A rare mushy Dustinland comic. Good times. Hey, kids say some pretty cute stuff. So naive and charming – they don’t even have to try. They just are who they are, and that’s what’s so wonderful about being around them. So pure, so real, so untainted by the harshness of life. That’s how childhood should be – for all kids across the world.
Posted in parenthood
Tagged children, dad, dadhood, dads, father, fatherhood, fathers, five year old, job, kids, parenthood, parenting, parents, raising kids, work, working late
You know, one thing that kills me about Trump (one non-obvious thing that is) is that he makes me question whether I can post a comic about anything other than politics. It feels so trivial talking about other things while he’s out destroying America and our future, but you know, life does go on. And I have the right to talk about other things going on in my life. So here you go. New Dustinland comic that was literally written by my son. I sort of explained to him what I do on the side recently, and he said he wanted to make a comic, and told me word for word what it would be. Not sure if I’ll show him this one but hey, I enjoyed it. Hopefully you do too.
I’m not going back to 100% parental comics of course, but I just can’t do all Trump all the time. It’s just not fun, and it’s also really hard to say something interesting and original when there’s a topic that everyone in the universe is discussing 24/7.
Posted in Uncategorized
Tagged children, dad, dadhood, dads, family, father, fatherhood, fathers, fouryearold, kids, raising kids, toddler, toddlers
This new Dustinland comic is basically a transcribed moment between my son and I from about 6 months ago. I never got around to drawing the strip. But yeah. Technically, he’s right. We are all meat.
These days he doesn’t play with Little People anymore. Pretty much Lego 24/7. And he has my old Micro Machines and MUSCLE men, which are big hits. But no bringing the MUSCLE guys out of the house! Those are classic ’80s toys. High five.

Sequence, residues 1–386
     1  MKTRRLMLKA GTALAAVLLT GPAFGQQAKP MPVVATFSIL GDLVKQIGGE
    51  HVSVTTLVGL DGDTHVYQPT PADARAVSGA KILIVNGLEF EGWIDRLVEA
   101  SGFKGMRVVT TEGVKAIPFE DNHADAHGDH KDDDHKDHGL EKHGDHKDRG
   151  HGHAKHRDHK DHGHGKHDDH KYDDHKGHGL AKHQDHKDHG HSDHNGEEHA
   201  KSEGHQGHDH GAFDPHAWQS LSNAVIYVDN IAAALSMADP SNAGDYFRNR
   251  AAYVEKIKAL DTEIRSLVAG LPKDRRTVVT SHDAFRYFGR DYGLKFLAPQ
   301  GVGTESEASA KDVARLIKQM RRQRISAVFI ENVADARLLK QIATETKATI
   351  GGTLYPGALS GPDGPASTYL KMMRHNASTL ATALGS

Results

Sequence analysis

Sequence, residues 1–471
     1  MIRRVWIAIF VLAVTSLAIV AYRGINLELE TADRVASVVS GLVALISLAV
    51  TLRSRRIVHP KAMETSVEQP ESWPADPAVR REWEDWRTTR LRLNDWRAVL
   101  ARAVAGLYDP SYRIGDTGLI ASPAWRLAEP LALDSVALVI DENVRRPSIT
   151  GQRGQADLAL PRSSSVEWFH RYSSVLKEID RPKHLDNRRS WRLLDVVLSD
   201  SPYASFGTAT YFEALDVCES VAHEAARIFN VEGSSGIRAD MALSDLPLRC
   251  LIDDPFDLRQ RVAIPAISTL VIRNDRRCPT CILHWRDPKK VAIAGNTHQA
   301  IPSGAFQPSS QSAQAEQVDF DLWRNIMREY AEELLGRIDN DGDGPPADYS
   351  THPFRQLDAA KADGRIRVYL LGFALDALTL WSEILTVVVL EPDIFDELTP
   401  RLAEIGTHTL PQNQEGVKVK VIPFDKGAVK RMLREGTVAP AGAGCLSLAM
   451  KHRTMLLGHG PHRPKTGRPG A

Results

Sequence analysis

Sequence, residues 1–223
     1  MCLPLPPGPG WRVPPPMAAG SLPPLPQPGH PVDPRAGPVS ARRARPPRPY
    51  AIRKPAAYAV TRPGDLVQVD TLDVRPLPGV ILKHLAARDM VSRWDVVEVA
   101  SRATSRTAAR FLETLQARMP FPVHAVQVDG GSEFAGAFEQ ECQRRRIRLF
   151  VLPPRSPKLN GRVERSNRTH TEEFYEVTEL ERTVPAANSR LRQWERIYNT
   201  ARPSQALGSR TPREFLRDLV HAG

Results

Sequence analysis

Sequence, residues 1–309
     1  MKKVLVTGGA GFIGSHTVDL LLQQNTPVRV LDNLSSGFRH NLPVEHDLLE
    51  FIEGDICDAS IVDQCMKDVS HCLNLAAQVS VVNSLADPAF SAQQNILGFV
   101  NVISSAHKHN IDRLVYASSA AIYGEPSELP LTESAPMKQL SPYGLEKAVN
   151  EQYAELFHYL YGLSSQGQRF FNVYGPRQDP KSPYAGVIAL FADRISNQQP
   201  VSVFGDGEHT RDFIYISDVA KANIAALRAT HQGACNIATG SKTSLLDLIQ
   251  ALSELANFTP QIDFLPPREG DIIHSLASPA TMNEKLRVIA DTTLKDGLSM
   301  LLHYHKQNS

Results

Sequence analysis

Posted in parenthood
Tagged childhood, children, dad, dadhood, dads, father, fatherhood, fathers, kids, parenthood, parenting, parents, raising kids, toys
This week’s new Dustinland comic follows further into my homeownership voyage. Definitely more fun to write about than the election, that’s for sure. I wonder how people who don’t own homes will view this strip? Fear? Boredom? Excitement? Either way, the strips will continue as buying a house has consumed my existence, and all my inspiration is from this experience. Joining the club indeed.
Posted in home owernship
Tagged children, dad, dads, fatherhood, home, home improvements, home ownership, homeowner, homeownership, marriage, mortgage, parenthood, parents, rent, suburbs
Man, like I say in this week’s new Dustinland comic, you really come to understand just how many awful things happen in the world when you accidentally stick your kid in front of the nightly news. Even NPR, to be honest. I never watch the news myself, mostly because it’s awful — although local news is very unintentionally funny. I read the news. And I listen to NPR. But there have been many times on the ride to drop kiddo off at daycare in the morning when I’ve had to quickly switch stations. Not all the time, but sometimes.
But yeah. News. Oh and sorry if you are a religious person who is offended by that last panel. Taking the lord’s name in vain and what not. We’re probably not going to come to terms on this one but hey, at least I said sorry. That goes over well in church, right?
Posted in parenthood
Tagged children, comic, comics, dad, Dustinland, father, fatherhood, kids, news, nightly news, NPR, parenthood, parenting, parents, raising kids, toddler, toddlers
This week’s Dustinland comic was originally going to be about the last two panels — just about how annoying kids can be about sharing and wanting and fighting and grabbing and crying. Man, two of them together, it’s just impossible. It’s like they are trying to be as irrational and impossible as they can. Add more kids, it only gets exponentially worse.
But you know, I started thinking about it and decided to expand from that single subject to the broader frustrations around kids and wanting. They’re always wanting something, except of course when you want them to want something. Then they don’t want it. That’s the game. You can’t even do reverse psychology — too dangerous. They might believe you and it would wind up reinforcing what you don’t want them to do.
Oh well, at least mine seems to get sarcasm, which is surprisingly effective at times.